by Brett Hamil
Went to the People’s Budget Hearing at City Hall last Tuesday that Kshama Sawant put together. Although Mayor Murray tried to paint these events as “electioneering” they are perfectly legal, ethical & even necessary. It’s just that no other councilmember before Kshama ever thought to do them. Hmm, fancy that: she’s the first CM to ever think to engage people in their own City Hall. (BTW it’s not like there’s anything else going on there at night.)
Some reporters have carped that these hearings are just an echo chamber, and sure, there are always plenty of familiar faces in attendance. But what they really are is an organizing tool; inviting regular working and poor people to physically step onto the marble floors of City Hall and view the facilities as a place they are encouraged to inhabit and occupy.
I could easily have stayed home and watched the hearing on the Seattle Channel but I go to these things to get a read of what the vibe/temperature is out there and to see people/activists I wouldn’t know about through the normal channels of Twitter, etc. For example, it’s astounding how many homeless people are actively organizing around many of these issues and for Kshama in particular. People who are struggling to take care of basic human needs are coming to these things. This is wild in civic politics. How many folks like that are you gonna see at a Burgess or Harrell event?
I met this one guy who’s homeless, he’s paying $10 a month to maintain Internet service (I think through Verizon). He uses it to communicate with his doctors and to update out-of-state family on his deteriorating medical condition. Can you imagine? He’s as vulnerable as it’s possible for a human to be and STILL some telecom corporation manages to extract $10 a month out of him (prepaid every 3 months). When is enough enough? This man was excited about the prospect of municipal broadband, which was widely discussed tonight.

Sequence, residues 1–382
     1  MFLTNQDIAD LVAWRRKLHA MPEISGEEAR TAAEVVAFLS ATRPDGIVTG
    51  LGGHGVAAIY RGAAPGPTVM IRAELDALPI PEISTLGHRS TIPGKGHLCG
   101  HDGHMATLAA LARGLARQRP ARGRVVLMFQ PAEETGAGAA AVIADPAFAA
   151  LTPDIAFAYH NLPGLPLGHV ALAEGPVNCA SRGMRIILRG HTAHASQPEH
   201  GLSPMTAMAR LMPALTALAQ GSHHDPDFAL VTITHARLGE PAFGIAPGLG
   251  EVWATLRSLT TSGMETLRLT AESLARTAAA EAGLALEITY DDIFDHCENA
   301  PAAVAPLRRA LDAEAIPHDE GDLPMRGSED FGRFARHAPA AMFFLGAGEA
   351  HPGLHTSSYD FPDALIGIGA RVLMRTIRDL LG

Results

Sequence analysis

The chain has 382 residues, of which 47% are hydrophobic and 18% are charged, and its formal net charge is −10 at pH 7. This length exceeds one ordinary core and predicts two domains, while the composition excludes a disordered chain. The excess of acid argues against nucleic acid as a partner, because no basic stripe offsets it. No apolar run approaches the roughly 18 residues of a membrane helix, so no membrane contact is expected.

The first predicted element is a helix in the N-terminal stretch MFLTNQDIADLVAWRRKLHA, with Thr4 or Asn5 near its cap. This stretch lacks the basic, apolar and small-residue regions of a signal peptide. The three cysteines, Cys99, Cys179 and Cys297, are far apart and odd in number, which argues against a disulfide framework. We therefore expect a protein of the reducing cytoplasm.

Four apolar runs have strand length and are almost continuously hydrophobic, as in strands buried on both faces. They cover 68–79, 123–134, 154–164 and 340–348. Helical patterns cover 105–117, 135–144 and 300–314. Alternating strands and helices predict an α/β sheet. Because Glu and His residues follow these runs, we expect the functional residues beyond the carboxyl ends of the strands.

Echo chamber or not, I would’ve never known what a guy like that was up against without an event like the People’s Budget. I don’t want to sound maudlin here but these events are the only times I see the power differential even out in real time/space. You might be able to tell someone’s homeless by their clothes, maybe, or the fact that they’re holding a sign that says so. But when they’re in City Hall, they’re there doing the people’s business. Instead of a sign that says “Spare some change” the sign says something like, “Without shelter people die.” They’re reaching beyond just their immediate circumstances to something bigger, maybe for the first time. Here they’re someone whose presence is valued, whose input is encouraged. They meet your eye in a way they wouldn’t out on the sidewalk. Their very real and specific needs are being turned into actual public policy (shelter, transit, municipal broadband to keep in touch with a worried family in Michigan). If you can take people in these truly desolate circumstances and help them claim ownership of the vaulted ceilings and modern fixtures of City Hall, well dammit I think you’re onto something HUGE.
Brett Hamil is a Beacon Hill based comedian and social critic.